NOV
19
2005

Apple Developing CLR Alternative Into GCC?

People who know me understand that I'm a big fan of LLVM. Well, big news... Apple has hired the main developer and is now urging LLVM to be integrated as an alternative backend of the GCC compiler suite.

For those of you who haven't had the pleasure of introductions: LLVM is an alternative compiler framework and toolchain that provides, among other things, an optimizer, a code generator, a JIT, a bytecode IR, and a ported g++ frontend. Or, as the LLVM website has it, LLVM is a compilation strategy, a virtual instruction set, a compiler infrastructure, and a virtual machine that does not require garbage collection or run-time code generation. It is really a hell of a project with lots of moving parts complete with plenty of academic papers documenting the goings on. Oh, and it is all written in c++.

However, the really crucial point for this post? There are several indications that LLVM has big plans for bringing CLR like functionality to GCC language frontends. Check out these points from Chris Lattner's recent email:


"Recently, at Apple, I have been working on a new version of the llvm- gcc translation layer, built on GCC 4. This implementation links the LLVM optimizers and code generator directly into the GCC process, replacing the tree-ssa optimizers and the RTL code generator with the corresponding LLVM components when enabled. The end result is a compiler that is command line compatible with GCC: 'gcc -S t.c -o t.s' does exactly what you'd expect, and most standard command line options are supported (those that aren't are very specific to the design of the RTL backend, which we just ignore). I plan to have this work committed to the Apple branch within a month."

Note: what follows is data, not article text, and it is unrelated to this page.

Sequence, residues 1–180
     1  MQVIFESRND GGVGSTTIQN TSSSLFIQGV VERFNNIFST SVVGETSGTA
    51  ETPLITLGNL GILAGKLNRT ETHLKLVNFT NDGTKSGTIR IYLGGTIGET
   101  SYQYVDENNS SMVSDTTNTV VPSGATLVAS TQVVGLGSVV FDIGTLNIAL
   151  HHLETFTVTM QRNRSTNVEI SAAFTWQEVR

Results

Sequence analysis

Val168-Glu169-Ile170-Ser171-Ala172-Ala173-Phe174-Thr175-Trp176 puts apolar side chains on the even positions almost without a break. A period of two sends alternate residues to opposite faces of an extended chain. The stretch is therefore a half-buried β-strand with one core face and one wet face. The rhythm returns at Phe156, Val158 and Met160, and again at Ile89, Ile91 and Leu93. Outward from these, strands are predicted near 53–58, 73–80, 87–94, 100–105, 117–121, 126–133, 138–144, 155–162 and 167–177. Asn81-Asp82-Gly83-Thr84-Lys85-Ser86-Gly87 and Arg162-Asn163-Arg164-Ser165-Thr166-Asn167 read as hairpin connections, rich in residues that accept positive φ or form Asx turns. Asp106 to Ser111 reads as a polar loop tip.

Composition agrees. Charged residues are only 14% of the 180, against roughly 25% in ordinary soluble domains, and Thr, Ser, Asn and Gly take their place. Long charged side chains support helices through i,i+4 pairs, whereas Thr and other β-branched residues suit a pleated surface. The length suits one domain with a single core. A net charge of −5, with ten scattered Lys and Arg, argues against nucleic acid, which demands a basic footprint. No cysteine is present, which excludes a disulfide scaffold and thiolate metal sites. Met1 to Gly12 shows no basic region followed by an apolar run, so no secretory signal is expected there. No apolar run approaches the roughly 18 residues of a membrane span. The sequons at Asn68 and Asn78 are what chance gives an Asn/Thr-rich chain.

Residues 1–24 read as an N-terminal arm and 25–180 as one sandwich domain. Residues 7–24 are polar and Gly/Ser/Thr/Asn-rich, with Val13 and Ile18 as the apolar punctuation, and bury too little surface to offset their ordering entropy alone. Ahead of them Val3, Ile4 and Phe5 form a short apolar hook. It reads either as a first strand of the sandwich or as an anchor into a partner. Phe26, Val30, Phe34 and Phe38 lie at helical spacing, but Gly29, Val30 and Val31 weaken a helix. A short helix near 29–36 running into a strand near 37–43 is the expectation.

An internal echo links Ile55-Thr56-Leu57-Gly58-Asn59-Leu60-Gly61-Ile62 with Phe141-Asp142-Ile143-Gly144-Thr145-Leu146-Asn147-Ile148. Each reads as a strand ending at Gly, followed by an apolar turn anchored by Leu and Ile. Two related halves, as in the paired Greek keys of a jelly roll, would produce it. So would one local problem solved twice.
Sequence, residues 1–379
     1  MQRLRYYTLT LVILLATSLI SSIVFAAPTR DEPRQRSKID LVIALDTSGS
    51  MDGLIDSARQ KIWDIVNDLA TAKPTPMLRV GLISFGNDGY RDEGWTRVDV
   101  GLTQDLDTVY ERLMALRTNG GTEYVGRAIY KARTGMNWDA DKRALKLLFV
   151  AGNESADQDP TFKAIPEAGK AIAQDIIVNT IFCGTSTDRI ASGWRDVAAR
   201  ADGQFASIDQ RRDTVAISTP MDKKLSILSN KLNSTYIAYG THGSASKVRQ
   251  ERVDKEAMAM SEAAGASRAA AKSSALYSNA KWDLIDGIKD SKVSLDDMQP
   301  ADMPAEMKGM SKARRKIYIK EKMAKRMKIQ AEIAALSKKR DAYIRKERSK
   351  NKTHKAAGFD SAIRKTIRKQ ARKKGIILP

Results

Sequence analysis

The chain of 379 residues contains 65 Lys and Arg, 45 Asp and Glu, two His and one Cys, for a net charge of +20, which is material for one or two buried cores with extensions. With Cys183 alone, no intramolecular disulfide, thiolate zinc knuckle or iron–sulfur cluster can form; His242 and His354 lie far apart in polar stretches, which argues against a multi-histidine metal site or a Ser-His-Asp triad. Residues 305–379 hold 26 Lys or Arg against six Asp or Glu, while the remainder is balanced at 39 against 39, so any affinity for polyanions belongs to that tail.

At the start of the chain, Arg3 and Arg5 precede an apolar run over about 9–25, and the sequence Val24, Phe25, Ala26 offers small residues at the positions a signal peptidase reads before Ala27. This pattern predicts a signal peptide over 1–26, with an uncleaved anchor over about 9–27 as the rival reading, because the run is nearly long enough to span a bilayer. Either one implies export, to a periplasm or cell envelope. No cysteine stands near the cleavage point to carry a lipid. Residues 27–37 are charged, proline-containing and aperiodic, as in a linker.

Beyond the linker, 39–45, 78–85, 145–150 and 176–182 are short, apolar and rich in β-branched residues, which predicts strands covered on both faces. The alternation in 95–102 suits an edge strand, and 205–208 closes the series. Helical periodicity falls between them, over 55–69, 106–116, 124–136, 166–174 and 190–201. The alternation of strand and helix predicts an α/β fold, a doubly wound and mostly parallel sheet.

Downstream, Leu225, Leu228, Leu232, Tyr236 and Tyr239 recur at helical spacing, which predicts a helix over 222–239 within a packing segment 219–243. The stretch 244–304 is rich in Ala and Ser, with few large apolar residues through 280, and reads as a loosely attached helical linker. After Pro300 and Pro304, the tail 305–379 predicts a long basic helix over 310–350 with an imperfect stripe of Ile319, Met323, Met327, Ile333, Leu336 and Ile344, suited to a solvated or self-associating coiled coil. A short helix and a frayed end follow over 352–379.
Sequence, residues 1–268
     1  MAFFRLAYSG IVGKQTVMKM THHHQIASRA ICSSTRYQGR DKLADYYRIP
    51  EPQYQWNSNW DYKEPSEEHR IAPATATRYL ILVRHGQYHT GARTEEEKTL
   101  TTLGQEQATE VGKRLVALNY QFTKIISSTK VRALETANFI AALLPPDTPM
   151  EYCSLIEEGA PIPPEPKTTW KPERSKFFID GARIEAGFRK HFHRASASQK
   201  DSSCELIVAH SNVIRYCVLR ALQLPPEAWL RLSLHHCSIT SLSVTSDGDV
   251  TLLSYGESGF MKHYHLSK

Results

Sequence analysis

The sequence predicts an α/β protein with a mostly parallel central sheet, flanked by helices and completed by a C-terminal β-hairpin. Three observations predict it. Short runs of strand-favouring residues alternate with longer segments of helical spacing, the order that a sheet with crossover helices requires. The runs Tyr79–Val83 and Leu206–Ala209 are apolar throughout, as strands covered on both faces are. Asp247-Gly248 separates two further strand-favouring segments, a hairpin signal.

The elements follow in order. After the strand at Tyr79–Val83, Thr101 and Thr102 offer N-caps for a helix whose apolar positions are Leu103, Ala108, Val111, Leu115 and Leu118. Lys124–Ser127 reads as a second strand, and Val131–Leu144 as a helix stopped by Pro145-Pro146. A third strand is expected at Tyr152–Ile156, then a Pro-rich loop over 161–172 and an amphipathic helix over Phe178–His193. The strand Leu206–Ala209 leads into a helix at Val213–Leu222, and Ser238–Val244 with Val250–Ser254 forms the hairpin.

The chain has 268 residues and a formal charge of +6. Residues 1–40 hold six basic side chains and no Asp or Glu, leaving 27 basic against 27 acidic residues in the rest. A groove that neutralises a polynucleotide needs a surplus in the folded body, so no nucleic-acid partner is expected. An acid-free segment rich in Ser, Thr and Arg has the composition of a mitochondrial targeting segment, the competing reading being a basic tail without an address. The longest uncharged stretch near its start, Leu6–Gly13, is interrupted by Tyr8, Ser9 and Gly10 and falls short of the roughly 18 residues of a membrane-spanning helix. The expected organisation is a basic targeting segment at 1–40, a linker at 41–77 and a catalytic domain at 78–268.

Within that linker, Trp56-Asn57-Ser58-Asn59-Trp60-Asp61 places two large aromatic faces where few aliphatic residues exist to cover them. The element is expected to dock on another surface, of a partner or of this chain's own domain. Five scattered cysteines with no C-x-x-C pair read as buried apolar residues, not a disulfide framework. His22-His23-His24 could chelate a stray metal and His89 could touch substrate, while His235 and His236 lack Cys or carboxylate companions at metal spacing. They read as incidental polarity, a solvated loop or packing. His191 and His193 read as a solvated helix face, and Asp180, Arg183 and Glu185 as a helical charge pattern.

I worked on LLVM last year to allow Qt4 to be compiled using LLVM's old g++ frontend, but it required some tweaks because LLVM didn't support inline asm. Apple is now fixing this and with this merge, we're going to see Qt and perhaps all of KDE running under a JIT. Should be interesting.


"The IR supports several features that are useful to various communities, including true tail calls, accurate garbage collection, etc. The IR is continuously evolving to add new features, and we plan several extensions in the future."

"In the future, I anticipate work to extend the LLVM to be capable of capturing higher-level information (e.g. that needed for dynamic dispatch optimizations and more alias information), as well as supporting new targets and the usual collection of miscellaneous improvements to the current system."


"LLVM does capture some important pieces of high-level information, and is continuing to add more. There is a fundamental design tension here between building a compiler that supports multiple languages (in a link-time context, that means it can link translation units from multiple languages together and optimize across the boundary) and building a compiler that supports only one."

Look at that last quote in particular. I think Chris is pointing out that he doesn't want LLVM to foreclose on the possibility of a CLR alternative. I talked about this possibility a little over a year ago. After all, a toolchain that can "link translation units from multiple languages together and optimize across the boundary" is pretty much the whole point of the the CLR. Or, as I like to say, building the language binding into the compiler toolchain where it properly belongs :)

Still a long way off, but I find this hopeful. Imagine being able to link KDE/Qt C++ apps with KDE/Qt Java libs if you will.

Comments

"Still a long way off, but I find this hopeful. Imagine being able to link KDE/Qt C++ apps with KDE/Qt Java libs if you will."

I thought this is already possible with GCJ? Doesn't GCJ use the same object layout / ABI for C++ and Java classes?
Probably this feature isn't used for Qt Java do make it available to arbitary JVMs, not just for GCJ (the same would be true for LLVM).


By helge at Tue, 11/22/2005 - 00:14

If you want to bind Java and C++ with GCJ you can use CNI which is better than JNI, but it isn't anywhere near what I'm talking about.


By Adam Treat at Tue, 11/22/2005 - 21:27